We all worry about getting sick. But consider a name synonymous with terror throughout the centuries, an illness that doesn't just kill you, but transforms you into a deformed, rotting outcast of society. Are you thinking about . . . Leprosy?
A faint tingling in your hands might be the first symptom of infected granulomas eating into the sensory nerves. The germ has a cozy relationship with your immune system, and your body barely notices as it spreads. Your numbed fingers are subject to repeated injury and infection as your skin become heavily infiltrated with the infectious bacteria -- Mycobacterium leprae -- a close cousin of tuberculosis. Over decades of suffering, patches of lifeless flesh begin creeping over your extremeties, turning into ulcerating infections that shrink your arms into nubs. The nose thickens and spreads into a lion-like face. Once the symptoms become noticeable, it's time to move.
A leper colony is like a real-life zombie movie of the undead. These camps were not established to cure victims -- who were generally thought to be cursed anyway -- but to keep them out of sight of the shuddering unafflicted. Lepers cannot touch money out of fear of contagion, and these tiny societies existed by the hundreds in the middle ages. Amazingly, a few such colonies can still be found countries like Japan and Nigeria.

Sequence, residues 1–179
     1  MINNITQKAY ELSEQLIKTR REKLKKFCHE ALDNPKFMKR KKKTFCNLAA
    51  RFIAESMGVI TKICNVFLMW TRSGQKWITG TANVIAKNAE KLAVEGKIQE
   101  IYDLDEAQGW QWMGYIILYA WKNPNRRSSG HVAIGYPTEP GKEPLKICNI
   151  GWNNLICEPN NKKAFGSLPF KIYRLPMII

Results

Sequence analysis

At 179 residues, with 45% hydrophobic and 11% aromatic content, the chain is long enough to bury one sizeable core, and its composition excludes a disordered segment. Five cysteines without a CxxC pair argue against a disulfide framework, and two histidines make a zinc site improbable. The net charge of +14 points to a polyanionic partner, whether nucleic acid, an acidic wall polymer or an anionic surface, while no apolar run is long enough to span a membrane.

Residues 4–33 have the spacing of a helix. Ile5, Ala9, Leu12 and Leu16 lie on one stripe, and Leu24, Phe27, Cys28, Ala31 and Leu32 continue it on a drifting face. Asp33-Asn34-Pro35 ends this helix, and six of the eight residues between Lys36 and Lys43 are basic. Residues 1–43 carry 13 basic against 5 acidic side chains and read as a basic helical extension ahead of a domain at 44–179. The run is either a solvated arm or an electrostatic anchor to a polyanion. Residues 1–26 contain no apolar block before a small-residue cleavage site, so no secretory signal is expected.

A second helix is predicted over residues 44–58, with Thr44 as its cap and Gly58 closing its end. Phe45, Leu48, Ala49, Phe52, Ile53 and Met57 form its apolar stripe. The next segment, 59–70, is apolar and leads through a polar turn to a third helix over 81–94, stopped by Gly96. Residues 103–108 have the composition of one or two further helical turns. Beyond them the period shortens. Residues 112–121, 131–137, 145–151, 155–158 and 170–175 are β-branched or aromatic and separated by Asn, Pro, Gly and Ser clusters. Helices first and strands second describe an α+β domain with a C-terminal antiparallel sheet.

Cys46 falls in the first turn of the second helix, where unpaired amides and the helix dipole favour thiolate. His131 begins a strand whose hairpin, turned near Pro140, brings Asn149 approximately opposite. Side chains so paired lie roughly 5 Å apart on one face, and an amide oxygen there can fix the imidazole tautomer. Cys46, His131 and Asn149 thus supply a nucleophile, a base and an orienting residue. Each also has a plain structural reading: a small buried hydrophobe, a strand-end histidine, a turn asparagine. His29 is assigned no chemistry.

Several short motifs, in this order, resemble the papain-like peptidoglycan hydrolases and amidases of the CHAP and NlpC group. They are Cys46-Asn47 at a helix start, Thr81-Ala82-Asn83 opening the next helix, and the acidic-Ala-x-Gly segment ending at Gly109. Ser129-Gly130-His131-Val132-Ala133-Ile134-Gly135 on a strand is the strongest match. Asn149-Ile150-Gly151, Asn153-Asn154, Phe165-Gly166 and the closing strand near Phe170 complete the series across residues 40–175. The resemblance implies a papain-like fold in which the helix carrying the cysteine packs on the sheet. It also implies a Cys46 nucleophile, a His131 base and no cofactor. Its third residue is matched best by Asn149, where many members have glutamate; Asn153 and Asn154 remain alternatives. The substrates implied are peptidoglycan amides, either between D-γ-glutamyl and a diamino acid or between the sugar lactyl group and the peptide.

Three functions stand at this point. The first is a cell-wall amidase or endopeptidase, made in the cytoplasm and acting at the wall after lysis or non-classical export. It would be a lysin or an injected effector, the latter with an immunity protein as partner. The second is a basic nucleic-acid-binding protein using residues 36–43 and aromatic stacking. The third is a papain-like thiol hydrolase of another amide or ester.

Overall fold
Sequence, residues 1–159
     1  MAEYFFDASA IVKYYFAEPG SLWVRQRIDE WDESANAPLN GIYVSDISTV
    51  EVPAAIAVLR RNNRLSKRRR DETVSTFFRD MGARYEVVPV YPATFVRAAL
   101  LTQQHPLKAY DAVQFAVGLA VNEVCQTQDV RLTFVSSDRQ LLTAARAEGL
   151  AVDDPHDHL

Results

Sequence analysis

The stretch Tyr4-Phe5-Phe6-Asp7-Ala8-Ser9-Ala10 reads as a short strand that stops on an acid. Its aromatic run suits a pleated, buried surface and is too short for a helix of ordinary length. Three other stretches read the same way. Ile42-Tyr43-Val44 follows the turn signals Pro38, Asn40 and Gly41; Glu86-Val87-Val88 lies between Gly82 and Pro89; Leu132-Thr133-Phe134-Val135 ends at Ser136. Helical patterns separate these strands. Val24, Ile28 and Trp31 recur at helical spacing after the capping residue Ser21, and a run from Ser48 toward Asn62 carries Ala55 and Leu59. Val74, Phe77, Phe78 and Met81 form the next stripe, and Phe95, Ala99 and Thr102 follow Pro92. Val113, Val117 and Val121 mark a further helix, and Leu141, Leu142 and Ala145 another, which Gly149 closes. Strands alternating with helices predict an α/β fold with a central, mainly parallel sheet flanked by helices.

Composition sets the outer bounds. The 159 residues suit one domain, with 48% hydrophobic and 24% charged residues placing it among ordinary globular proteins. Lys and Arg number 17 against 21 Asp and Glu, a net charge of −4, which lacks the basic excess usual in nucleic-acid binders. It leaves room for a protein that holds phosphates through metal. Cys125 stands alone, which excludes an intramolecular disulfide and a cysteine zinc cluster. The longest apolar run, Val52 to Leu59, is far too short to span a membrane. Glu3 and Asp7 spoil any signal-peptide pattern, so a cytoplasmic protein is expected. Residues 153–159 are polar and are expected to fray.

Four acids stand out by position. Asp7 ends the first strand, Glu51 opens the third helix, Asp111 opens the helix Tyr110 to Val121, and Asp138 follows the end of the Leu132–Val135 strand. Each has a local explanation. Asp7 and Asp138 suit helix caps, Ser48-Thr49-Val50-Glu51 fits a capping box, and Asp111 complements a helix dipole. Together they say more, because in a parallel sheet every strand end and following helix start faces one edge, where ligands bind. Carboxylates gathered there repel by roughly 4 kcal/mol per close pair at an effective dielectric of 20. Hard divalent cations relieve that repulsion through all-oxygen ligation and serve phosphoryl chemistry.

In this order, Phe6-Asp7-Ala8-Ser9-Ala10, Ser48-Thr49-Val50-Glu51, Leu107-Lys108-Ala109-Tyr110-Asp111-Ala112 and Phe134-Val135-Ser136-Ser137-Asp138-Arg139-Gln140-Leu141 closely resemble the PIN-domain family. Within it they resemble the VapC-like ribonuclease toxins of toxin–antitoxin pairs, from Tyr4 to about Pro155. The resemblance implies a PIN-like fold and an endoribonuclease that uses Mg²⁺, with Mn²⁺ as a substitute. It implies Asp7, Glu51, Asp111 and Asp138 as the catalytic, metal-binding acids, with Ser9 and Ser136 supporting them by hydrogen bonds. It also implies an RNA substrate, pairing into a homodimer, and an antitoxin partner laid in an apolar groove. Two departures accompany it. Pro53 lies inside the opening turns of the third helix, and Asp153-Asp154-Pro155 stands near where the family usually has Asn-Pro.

Today's laboratories are still unable to culture the organism, and the mode of transmission remains a mystery. But thankfully, the prevalence of the illness has been reduced by modern treatment -- turning Leprosy into a disease that exists today mostly in people's nightmares and the occational queasy high-school joke. But don't sleep too comfortably. As recently as 2008, it was discovered that a natural reservoir of Leprosy -- also known as "Hanson's Disease" -- still exists among the wild nine-banded armadillo.